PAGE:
Coloring curly hair – 5 things to bear in mind

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Hi dear curlies, the above picture shows my curls with the new highlights I got at my hairdressers. I’m sure you guys have already noticed I’m not actually a blonde… I’ve been coloring my curls since almost 10 years by now – so I thought I could share 5 things to bear in mind when coloring curly hair.

First of all, let me let you that of course it’s better for your curls if you don’t color them at all! As any chemical treatment it’ll cause some damage on your curls. However if you’re like me and don’t like your real hair color (I’d describe mine as neither brown nor blonde) or in case you’ve got some grey hair (I actually have quite a few grey strands, I hope they don’t grow in number too quickly!) there are some helpful tips to bear in mind to keep your curls healthy and strong after coloring them:

1. Use a shampoo with sulfates (just once!)

After you or your hairdresser colored your curls wash them with a shampoo containing sulfates. I know this is not exactly what I’ve written in the article on how sulfates are bad for curly hair, but it’s great for the first post-coloring hair wash. Why? Because the sulfates help you getting rid of all chemicals and to wash out any silicones if your hairdresser doesn’t use silicone-free products.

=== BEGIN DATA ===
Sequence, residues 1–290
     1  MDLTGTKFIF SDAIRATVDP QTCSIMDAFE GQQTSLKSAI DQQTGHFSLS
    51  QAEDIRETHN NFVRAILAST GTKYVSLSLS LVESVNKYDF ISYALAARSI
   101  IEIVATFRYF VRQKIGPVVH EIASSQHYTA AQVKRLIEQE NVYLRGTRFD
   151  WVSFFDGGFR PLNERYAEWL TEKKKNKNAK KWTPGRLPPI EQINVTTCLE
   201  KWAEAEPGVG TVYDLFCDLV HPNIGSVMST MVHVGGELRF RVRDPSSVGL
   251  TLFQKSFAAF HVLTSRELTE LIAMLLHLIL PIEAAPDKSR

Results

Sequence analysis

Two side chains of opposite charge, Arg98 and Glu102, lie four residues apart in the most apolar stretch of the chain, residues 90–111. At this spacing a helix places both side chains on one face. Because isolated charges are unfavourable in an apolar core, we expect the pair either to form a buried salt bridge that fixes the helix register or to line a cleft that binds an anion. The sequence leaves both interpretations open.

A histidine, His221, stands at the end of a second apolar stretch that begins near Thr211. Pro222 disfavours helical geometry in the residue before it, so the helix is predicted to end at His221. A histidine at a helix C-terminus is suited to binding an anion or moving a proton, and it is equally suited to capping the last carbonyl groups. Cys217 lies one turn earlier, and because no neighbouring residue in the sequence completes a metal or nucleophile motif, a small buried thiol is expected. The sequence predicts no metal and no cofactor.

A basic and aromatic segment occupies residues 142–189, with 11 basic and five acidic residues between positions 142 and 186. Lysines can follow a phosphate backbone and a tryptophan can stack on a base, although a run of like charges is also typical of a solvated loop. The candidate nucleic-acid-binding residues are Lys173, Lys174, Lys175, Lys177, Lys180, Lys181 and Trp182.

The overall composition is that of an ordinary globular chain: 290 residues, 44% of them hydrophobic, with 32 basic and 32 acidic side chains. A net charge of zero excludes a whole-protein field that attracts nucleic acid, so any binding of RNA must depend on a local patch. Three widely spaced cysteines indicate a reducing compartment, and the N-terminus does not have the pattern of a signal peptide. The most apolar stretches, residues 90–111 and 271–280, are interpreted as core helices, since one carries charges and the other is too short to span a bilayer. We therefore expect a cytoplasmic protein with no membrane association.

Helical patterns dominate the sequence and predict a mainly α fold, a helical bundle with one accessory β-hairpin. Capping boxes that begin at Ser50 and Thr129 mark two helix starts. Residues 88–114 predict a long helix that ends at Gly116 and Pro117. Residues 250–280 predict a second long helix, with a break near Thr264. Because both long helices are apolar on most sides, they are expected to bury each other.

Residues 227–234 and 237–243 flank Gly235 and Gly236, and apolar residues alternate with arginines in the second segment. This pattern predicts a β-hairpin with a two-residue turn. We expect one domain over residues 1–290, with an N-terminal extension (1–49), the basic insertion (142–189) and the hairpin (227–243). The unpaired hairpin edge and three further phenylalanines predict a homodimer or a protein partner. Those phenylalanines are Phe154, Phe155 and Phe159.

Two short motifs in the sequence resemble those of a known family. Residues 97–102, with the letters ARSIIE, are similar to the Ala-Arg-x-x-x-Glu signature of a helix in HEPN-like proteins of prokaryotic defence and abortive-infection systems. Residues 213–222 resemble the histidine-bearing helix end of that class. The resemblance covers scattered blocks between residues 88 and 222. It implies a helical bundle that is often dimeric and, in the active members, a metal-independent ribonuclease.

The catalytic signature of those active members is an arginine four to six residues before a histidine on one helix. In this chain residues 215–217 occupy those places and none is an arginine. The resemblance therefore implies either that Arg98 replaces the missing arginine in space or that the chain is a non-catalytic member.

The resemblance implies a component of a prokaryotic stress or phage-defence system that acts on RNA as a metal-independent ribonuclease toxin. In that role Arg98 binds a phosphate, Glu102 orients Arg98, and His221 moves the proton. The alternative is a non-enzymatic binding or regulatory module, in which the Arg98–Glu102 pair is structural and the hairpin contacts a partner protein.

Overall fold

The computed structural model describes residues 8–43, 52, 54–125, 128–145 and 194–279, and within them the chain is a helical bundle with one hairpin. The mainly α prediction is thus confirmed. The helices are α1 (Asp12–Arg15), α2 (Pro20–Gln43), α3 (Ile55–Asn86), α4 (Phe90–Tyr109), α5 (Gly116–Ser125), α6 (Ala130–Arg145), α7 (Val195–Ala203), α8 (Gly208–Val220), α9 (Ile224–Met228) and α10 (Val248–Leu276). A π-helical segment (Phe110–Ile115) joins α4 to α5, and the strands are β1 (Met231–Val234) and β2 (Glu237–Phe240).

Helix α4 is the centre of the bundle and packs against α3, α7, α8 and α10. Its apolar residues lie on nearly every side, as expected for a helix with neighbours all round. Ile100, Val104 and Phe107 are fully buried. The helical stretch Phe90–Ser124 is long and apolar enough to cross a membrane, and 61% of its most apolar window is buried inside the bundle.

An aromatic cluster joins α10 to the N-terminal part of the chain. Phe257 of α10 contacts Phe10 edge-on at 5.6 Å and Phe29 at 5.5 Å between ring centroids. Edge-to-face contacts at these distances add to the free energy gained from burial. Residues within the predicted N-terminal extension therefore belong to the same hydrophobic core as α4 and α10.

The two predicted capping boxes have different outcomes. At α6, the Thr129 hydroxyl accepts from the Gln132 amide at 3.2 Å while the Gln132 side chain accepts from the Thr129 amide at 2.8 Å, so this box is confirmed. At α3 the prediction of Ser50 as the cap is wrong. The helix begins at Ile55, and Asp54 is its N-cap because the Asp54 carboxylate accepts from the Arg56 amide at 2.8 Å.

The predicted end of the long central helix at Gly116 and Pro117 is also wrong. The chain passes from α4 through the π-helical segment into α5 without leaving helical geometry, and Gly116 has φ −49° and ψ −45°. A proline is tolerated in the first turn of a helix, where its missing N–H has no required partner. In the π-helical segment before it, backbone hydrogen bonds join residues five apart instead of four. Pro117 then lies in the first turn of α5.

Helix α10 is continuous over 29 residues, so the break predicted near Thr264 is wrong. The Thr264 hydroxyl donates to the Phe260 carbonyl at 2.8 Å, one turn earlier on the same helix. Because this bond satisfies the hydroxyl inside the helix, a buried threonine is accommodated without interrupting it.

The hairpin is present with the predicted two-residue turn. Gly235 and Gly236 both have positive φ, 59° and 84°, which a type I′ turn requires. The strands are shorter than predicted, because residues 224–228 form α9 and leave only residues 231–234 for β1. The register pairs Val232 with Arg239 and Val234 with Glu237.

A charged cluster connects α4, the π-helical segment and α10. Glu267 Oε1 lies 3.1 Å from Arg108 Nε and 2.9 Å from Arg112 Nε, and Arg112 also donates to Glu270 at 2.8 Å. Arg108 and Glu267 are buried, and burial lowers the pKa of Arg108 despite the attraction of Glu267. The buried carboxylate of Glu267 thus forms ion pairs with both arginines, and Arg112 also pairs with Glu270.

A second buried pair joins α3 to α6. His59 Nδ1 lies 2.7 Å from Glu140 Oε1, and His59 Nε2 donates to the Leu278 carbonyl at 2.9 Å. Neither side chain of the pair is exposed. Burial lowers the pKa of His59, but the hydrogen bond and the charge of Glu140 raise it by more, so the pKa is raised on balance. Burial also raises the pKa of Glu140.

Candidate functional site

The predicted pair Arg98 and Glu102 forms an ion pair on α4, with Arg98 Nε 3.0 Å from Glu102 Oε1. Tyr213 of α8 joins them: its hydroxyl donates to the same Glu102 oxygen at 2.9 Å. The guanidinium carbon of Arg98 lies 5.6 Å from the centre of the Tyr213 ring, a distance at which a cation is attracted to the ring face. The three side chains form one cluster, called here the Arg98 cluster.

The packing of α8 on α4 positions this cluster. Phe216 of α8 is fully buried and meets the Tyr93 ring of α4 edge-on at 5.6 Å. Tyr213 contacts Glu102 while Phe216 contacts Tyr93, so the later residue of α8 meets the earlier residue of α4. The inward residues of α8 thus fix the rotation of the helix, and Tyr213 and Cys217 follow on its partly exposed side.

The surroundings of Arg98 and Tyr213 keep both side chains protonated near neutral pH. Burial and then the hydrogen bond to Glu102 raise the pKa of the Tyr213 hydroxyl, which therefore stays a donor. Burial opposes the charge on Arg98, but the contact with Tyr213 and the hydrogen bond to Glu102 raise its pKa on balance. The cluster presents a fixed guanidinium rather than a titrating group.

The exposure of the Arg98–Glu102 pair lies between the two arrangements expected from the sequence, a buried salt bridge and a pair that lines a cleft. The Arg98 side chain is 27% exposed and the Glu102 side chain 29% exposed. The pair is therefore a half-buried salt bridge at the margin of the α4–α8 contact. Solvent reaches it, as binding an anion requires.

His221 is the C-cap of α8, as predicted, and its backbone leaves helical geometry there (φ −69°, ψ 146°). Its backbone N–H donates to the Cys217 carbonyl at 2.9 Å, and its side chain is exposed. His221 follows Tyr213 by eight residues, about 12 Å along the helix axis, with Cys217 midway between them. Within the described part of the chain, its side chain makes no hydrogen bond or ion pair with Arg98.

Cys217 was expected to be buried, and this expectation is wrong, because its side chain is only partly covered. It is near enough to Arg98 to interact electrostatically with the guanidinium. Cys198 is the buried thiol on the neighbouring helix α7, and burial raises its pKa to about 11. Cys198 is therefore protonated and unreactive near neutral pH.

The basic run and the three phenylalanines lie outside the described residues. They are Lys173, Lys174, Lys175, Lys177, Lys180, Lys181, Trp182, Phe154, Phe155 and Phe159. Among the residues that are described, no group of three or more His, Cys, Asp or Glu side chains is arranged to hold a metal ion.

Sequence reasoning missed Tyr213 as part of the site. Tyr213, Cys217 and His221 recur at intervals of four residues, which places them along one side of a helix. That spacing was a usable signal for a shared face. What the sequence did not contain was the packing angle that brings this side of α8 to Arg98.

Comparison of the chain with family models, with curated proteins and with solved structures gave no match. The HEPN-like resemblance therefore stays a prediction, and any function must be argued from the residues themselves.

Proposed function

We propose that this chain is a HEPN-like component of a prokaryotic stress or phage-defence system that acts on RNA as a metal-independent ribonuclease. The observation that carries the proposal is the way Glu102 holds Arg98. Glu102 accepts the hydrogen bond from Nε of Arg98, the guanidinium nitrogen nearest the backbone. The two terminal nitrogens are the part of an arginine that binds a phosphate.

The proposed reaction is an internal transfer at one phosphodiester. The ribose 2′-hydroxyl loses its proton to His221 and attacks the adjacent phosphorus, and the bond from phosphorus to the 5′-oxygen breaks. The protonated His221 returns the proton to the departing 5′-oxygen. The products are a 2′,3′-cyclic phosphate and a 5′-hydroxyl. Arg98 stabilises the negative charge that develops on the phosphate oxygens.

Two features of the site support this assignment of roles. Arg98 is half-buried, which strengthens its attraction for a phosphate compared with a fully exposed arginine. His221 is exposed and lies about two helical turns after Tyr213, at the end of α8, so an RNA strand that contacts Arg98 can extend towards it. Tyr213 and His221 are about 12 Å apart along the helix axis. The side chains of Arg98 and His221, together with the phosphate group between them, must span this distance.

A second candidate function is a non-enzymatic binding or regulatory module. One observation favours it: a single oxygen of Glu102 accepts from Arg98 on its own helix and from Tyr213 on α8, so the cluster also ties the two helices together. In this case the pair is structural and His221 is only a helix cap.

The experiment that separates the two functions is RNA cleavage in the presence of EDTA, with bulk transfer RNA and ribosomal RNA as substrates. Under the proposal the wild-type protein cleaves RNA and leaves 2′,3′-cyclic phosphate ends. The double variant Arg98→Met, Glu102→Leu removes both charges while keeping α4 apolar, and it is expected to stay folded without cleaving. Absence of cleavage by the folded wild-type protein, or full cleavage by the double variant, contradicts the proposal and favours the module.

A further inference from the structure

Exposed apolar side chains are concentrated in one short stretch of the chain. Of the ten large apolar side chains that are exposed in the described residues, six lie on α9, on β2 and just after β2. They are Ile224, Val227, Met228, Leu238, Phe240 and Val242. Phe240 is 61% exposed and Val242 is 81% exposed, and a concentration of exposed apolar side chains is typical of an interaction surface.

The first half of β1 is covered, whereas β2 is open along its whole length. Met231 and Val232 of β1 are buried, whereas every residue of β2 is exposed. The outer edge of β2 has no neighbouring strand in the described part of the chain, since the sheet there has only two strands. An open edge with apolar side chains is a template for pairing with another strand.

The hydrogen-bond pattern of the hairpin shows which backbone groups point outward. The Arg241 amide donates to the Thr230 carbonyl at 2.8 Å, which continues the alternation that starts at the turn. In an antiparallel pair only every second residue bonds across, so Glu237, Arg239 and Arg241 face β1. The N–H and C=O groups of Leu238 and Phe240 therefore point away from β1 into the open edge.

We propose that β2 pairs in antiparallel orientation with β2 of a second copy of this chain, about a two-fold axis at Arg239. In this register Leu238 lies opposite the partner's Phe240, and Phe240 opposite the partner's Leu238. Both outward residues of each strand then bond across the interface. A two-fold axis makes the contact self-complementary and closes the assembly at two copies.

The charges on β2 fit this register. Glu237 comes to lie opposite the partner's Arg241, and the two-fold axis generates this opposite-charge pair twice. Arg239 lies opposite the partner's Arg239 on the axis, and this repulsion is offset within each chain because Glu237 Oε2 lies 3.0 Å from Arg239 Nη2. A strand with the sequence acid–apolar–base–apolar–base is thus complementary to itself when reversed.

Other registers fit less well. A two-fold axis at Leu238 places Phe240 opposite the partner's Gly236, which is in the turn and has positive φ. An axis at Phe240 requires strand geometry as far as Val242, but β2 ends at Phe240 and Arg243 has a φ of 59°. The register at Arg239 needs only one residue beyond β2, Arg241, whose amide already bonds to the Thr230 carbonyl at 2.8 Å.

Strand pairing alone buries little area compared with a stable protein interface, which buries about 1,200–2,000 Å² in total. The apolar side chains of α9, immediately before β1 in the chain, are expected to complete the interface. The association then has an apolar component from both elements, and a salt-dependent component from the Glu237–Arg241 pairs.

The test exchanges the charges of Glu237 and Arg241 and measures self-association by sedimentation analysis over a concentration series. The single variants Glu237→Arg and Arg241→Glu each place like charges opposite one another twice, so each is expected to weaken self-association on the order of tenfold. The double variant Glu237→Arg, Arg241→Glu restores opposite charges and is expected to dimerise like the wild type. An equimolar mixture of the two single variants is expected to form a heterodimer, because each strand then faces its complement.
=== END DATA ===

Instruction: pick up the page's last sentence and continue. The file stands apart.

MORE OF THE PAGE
2. Make sure to spoil your curls with moisture

After using a shampoo with sulfates it’s important to get your curls the moisture they need in the first post-coloring hair wash, especially since sulfates will dry out your curls. I suggest you to detangle and comb your curls with your usual silicone-free conditioner. I strongly recommend you to additionally use a deep conditioner. Unlike written in the review of the Eden Bodyworks JojOba Monoi deep conditioner you might want to leave it in for at least 10 minutes.

3. Get the right protein-moisture-balance

Many curlies who’s curls need more protein than mine suggest a protein treatment after coloring their curls. As my curls generally don’t lack proteins (even after coloring them) I can’t suggest a good treatment, but I’m sure you could find one here.

4. Don’t panic

I’m serious! Don’t panic if your curls don’t look as they usually do after washing them the first post-color wash. Both pictures in this article show my curls after a first post-coloring wash  – they just didn’t want to form nice clumps and were too dry and thus frizzy:

coloring curly hair

Today’s second day curls after the first post-coloring wash

 5. Get your colored curls the special care they need

As I’ve mentioned earlier in this article, coloring curly hair will leave you with some kind of damage, specifically you’ll most likely increase your curls’ porosity. The more porous your hair is, the easier it’ll absorb moisture. Sounds good, but it isn’t, because it also very easily release moisture. You’ll therefore need to care for your curls a bit more than for non-color-treated curls. Meaning you have to make sure to not only give them enough moisture directly after coloring them, but always, or they’ll tend to look frizzier than non-damaged curls.

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